Perhaps a new platform will develop — similar to what’s contained in this vision. Such a platform will feature content that was designed and built by a team. Such a learning-related platform will offer streams of highly-relevant content — while providing continuous, affordable, up-to-date, convenient, and very well done means of staying marketable/employed. 

We will likely be seeing this vision come to reality in the future.

For another paradigm shift, accreditation bodies/practices are going to have to also change, adapt, pivot, and help innovative ideas come to fruition. But that’s another posting for another day.

 

What will learning look like this fall? — excerpt and resources below are from Instructure’s Canvas CSM June 2020 Newsletter

Institutions across the world are preparing for the upcoming school year with the “new normal.” Educators have been sharing their successes, lessons learned, and new initiatives. Explore these resources on bringing the classroom environment online:

 

Reopening schools: A Getting Smart webinar recap — from gettingsmart.com by Getting Smart Staff

Reopening schools: A Getting Smart webinar recap -- from gettingsmart.com

“We must ensure that people who are furthest from educational justice have their learning needs met. You will then meet the needs of all learners.” – Kelly Niccolls

 

 

“How has your school delivered on the promise of equal access and educational excellence, particularly during these challenging times?”

YouTube Contest, “With Justice for All,” Seeks Submissions from Students About the Effect of Covid-19 and Recent Tragedies on Their Educational Experience

Prizes include 11 scholarships for students who best address the question, “How has your school delivered on the promise of equal access and educational excellence, particularly during these challenging times?”

WASHINGTON, D.C. — The Center for Education Reform (CER), in partnership with the Freedom Coalition for Charter Schools, the Children’s Scholarship Fund, and the National Alliance for Public Charter Schools, today launched “With Justice for All,” a national YouTube contest for students.

Over the last few months, students and schools have faced significant challenges from distance learning and national tragedies. Times like these highlight how a great education is the most important asset a student has to effectively change the world.

So CER decided to ask students directly: Has your school delivered on the promise of equal access and educational excellence, particularly during these challenging times? Tell us how well your school did — or didn’t do — in providing you a great education.

“We want you to be able to take charge of your education,” said Jeanne Allen, CER’s founder and chief executive. “We want to assist you in writing the next chapter of your education story. Tell us your story, and we’ll tell everybody who needs to know, especially those in power.”

Videos must be shorter than three minutes, hashtagged with #MyEducationVideo, and submitted to MyEducationVideo.com by 11:59 PM EDT on July 4, 2020. Submissions will be evaluated by a panel of celebrity judges. Awards include 10 $2,500 scholarships — and one $20,000 scholarship — to the high school or college of a student’s choice. Winners will be announced during a live-streamed ceremony (date and time T.B.D.), and their videos may be shown to delegates at both of the 2020 national conventions this summer.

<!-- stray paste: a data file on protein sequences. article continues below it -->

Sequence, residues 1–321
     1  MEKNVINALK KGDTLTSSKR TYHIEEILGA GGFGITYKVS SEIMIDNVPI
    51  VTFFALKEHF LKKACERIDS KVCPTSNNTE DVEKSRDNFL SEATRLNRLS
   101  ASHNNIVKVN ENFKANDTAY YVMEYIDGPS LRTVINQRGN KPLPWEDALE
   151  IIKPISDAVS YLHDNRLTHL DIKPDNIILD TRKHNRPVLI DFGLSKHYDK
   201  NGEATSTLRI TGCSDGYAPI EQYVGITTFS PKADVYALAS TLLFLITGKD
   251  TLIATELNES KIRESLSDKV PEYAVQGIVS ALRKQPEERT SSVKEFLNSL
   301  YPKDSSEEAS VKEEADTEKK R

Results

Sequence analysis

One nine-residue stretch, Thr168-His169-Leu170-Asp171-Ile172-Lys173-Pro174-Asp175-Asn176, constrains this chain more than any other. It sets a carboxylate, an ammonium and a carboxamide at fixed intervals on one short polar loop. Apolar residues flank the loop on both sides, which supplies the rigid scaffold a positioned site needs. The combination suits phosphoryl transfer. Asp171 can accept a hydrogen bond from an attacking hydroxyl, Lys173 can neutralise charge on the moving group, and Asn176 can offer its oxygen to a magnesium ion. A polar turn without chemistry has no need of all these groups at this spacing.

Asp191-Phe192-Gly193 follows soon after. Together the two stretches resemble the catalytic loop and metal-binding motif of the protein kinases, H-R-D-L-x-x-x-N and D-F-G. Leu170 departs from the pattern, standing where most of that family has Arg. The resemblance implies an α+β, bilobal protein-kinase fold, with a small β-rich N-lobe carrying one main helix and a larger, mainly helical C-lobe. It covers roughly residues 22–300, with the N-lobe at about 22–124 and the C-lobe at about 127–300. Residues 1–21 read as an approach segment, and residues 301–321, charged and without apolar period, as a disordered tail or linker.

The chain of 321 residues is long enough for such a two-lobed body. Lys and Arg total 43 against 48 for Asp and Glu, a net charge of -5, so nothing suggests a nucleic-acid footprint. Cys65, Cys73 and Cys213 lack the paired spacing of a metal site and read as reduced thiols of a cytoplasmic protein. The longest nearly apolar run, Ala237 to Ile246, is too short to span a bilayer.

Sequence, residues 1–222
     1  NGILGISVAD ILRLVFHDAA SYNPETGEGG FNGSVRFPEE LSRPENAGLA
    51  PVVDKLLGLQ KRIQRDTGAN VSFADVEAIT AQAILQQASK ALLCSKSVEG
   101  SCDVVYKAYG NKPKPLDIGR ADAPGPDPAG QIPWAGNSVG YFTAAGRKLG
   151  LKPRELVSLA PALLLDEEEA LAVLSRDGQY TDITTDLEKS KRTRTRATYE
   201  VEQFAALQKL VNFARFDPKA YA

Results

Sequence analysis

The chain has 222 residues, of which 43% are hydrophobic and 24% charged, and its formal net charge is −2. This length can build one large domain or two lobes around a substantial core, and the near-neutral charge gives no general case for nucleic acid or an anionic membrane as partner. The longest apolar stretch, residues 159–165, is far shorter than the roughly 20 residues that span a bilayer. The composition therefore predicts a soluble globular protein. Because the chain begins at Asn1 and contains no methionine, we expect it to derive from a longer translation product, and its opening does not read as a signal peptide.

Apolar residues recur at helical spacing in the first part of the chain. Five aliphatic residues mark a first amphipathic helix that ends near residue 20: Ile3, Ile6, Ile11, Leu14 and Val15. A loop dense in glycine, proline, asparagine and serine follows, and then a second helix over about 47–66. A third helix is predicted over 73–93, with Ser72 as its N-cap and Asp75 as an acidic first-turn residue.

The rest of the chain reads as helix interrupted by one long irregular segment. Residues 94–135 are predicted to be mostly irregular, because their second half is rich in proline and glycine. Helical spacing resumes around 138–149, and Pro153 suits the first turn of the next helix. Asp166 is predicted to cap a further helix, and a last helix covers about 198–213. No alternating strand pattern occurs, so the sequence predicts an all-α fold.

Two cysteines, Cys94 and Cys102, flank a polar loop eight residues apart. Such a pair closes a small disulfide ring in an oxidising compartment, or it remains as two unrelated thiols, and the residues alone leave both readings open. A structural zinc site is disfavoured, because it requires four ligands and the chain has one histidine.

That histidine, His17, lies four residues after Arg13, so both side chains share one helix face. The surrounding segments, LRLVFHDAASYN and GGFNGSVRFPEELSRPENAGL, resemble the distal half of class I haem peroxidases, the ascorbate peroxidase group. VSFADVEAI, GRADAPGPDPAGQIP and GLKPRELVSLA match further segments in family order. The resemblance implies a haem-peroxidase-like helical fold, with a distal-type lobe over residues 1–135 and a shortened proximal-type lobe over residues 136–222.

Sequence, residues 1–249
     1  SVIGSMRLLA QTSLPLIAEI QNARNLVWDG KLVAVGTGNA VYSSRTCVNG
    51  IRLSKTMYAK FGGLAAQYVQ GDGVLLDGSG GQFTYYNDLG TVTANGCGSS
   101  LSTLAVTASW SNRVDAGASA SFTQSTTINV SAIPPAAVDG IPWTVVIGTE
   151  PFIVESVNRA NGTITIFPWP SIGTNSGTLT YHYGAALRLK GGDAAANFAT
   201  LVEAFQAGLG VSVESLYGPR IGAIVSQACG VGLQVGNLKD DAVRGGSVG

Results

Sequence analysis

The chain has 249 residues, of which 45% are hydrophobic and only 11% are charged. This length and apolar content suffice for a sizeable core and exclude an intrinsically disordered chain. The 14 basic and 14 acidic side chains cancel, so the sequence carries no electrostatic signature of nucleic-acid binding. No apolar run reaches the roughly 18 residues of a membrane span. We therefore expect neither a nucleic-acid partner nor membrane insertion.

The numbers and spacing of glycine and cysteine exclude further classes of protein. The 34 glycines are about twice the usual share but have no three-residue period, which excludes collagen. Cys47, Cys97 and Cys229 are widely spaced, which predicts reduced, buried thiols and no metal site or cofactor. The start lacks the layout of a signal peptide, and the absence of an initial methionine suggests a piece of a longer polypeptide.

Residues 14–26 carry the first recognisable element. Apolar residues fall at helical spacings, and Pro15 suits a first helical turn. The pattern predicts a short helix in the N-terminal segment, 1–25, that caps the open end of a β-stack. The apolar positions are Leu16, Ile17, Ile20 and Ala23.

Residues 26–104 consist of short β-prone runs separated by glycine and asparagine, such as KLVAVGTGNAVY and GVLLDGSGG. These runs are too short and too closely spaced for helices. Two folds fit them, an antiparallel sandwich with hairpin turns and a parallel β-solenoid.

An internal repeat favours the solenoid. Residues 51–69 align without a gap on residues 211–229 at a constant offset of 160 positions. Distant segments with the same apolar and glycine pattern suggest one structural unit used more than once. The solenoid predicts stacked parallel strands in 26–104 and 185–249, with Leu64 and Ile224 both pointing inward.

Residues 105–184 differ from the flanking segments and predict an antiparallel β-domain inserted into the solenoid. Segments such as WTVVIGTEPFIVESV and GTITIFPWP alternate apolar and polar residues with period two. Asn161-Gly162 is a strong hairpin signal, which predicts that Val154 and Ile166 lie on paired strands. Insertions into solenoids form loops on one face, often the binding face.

“We’ve designed this contest for students ages 13 and older, because we know it can be hard to get your ideas about education heard when you’re a kid,” said Allen.

For more information, visit MyEducationVideo.com.

https://www.myeducationvideo.com/

 

Also see:

“If we are not centering equitable student success, we’re gonna be put back decades and decades. And we’re already trying to retrofit.”

 


Below is a snapshot from a video that
Kim O’Leary, Professor at the WMU-Cooley Law School did regarding the topic of giving (and receiving) individualized feedback.

As a relevant aside here, I want to send a shout out to Kim, as she is incredibly devoted to the craft of teaching and learning and to developing solid, competent learners and lawyers. She is a fantastic professor, as well as a caring, hard-working person — an excellent colleague whom I’m very grateful to have the privilege of working alongside.

Daniel: Do our learning environments and systems promote our students' self-motivation? I don't think so. No way.

When I saw this quote from Thomas Friedman, I wondered…

  • Are our school systems creating students who are self-motivated?

Sorry…but my answer (based on what my own learning experiences in K-16 were like as well as from having observed the learning experiences of our three kids) was, “No way…at least not yet.” And the ramifications of this are getting increasingly serious as our kids need to be able to navigate an often chaotic, quickly-changing world from here on out.

  • We don’t offer nearly enough learner agency.
  • We create gameplayers who only focus on grades.
  • We tell students what to learn.
  • We don’t offer nearly enough choice and control to students.